Physical vapor deposition
|Physical vapor deposition|
|Equipment||List of PVD equipment|
Physical vapor deposition (PVD) is a type of deposition where source materials are transformed into a vapor or plasma using a physical process (typically heating or bombardment.) The vapor then moves towards a substrate where it condenses on the surface.
More details: LNF Tech Talks, video recording and complete slides are available.
- 1 Equipment
- 2 Materials
- 3 Technologies
- 4 Figures of merit
- 5 Parameters
- 6 General Film Characteristics
- 7 See also
- 8 Further reading
See the sub-categories for a general description of the PVD equipment at the LNF. For a complete list, please see list of PVD equipment.
Many materials can be deposited using PVD. It is typically used for metals and harder insulators but, anything that can be heated to vaporization or bombarded, can be deposited. Typical limitations involve the quality of the deposited film (adhesion, other issues) or the suitability and safety of the material under vacuum.
To see a complete list of PVD films currently supported in the LNF with maximum thicknesses listed, see LNF PVD Films.
There are a variety of Physical Vapor deposition techniques including Pulsed Laser and Pulsed Electron Deposition, Cathode Arc depostion and many more techniques. The two forms of PVD used in the LNF are Evaporation and Sputter Deposition.
Evaporation is the method where source materials are heated to high temperatures where they melt and then evaporate or sublimate into a vapor. These atoms then precipitate into solid form onto surfaces, coating everything in the chamber, within line of sight, with a thin layer of the source material. Typically this deposition is done in a high vacuum chamber to minimize gas collisions of the source material on its way to the substrate and to reduce unwanted reactions, trapped gas layers and heat transfer.
The atoms in the vapor from evaporation have only thermal energy and strike the substrate with little or no kinetic energy and heat transfer from the hot sources to the sample is dominated by light radiation. The evaporators in the LNF are dome/liftoff tools with long throw distances with cold walled chambers and small/centered point sources. This means that, with the directionality of the evaporation, the material will strike the substrate as a normal angle and, with low heat transfer, the substrates do not get very hot as the films is deposited. This makes them ideal for liftoff applications, depositions where the substrates cannot handle any plasma heating and thicker films. They are poorly suited for any application requiring sidewall coverage or controlled stress or stoichiometry.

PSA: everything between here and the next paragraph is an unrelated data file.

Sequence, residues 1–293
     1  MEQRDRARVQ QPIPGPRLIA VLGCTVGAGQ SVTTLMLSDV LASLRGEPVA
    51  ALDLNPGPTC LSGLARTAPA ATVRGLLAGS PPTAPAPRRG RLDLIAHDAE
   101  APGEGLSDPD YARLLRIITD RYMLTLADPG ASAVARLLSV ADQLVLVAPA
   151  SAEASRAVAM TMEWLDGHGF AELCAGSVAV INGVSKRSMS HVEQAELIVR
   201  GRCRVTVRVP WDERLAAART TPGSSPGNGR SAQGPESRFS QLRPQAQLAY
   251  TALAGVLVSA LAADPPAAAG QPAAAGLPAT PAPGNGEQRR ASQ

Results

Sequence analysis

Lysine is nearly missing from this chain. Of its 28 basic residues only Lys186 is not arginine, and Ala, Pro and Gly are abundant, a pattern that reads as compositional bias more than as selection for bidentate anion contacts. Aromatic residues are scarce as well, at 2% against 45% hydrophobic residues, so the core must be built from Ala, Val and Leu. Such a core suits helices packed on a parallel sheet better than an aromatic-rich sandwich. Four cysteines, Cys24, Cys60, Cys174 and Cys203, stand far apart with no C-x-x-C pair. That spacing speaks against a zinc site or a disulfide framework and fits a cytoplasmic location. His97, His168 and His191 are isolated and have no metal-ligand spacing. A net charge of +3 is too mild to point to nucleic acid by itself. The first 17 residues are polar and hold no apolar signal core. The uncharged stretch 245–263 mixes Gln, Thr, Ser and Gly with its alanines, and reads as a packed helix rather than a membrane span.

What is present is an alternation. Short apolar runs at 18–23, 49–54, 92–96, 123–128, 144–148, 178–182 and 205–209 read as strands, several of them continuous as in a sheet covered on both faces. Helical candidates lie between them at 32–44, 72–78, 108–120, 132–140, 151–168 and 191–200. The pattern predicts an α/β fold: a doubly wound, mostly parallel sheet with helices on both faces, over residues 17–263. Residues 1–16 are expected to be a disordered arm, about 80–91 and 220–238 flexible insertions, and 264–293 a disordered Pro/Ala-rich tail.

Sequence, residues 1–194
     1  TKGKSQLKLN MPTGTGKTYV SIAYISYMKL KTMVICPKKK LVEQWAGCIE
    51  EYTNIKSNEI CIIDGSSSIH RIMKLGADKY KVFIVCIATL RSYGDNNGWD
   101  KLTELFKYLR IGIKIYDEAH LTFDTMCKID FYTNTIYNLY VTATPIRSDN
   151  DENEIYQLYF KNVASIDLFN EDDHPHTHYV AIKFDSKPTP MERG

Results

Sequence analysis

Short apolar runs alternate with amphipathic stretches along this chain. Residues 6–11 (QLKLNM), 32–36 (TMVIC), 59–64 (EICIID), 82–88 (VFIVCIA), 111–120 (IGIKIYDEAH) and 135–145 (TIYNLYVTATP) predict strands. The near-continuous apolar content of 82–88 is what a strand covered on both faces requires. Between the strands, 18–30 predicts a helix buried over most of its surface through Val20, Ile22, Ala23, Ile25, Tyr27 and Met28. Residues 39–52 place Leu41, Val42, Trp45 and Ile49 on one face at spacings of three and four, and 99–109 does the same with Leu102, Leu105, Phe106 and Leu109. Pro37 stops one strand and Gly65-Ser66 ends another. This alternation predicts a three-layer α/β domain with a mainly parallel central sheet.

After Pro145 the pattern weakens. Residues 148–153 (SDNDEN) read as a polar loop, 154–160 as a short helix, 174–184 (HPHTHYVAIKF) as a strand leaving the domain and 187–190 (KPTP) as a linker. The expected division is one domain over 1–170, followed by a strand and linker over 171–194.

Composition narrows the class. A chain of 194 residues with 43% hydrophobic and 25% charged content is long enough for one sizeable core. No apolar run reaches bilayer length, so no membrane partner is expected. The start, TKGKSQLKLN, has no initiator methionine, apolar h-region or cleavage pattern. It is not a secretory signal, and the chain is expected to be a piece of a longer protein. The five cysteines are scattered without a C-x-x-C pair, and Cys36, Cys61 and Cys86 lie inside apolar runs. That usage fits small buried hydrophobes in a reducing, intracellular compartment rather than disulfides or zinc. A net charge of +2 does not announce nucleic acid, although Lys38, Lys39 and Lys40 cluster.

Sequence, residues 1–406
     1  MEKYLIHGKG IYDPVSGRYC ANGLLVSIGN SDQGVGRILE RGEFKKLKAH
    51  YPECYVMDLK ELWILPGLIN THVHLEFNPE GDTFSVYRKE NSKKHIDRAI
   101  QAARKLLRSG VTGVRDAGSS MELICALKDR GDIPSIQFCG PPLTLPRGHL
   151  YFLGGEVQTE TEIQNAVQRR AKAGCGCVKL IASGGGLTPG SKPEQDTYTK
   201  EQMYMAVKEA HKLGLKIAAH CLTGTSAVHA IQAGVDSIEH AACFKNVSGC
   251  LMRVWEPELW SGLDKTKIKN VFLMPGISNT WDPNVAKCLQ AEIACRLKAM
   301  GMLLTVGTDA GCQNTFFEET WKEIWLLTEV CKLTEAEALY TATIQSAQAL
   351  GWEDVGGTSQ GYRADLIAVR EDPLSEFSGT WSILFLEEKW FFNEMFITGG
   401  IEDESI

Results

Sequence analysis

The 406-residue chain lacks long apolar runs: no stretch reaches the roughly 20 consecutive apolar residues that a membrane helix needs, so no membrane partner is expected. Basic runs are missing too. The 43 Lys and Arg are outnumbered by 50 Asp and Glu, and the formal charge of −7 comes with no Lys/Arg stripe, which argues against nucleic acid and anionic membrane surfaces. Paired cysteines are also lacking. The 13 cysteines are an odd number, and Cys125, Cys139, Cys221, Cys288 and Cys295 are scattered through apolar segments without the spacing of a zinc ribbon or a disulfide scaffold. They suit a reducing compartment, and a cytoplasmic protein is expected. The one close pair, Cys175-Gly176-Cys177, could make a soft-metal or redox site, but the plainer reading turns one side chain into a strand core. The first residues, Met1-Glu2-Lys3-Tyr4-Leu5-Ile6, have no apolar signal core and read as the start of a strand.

Sputter deposition (sputtering) involves exposing a target material to a plasma (typically Ar) of ions and electrons that are used to "knock" off the target material and make a cloud of source atoms. The source vapor then condenses onto the substrate forming a thin film.
Sputtering creates energetic atoms that move and collide as they travel thru the gas plasma towards the substrate. These atoms therefore come in at various angles and hit the substrate with some energy defined by the gas pressure and target voltage. Because of the non-normal nature of the plasma, sputtering does coat the sidewalls of the features on the substrate and the kinetic energy of the atoms also causes heating of the substrate during deposition. The heating and sidewall coverage make sputtering less desirable for liftoff applications but more useful when conformal coatings are needed. Film stress and chemistry can also be better tuned in sputtering using plasma power/pressure settings and by injecting reactive gasses during deposition.
Figures of merit
Deposition rate, usually expressed in Å/sec, is measured at the substrate using various methods. It is measured real-time in the evaporators and set using deposition time on the sputter tools.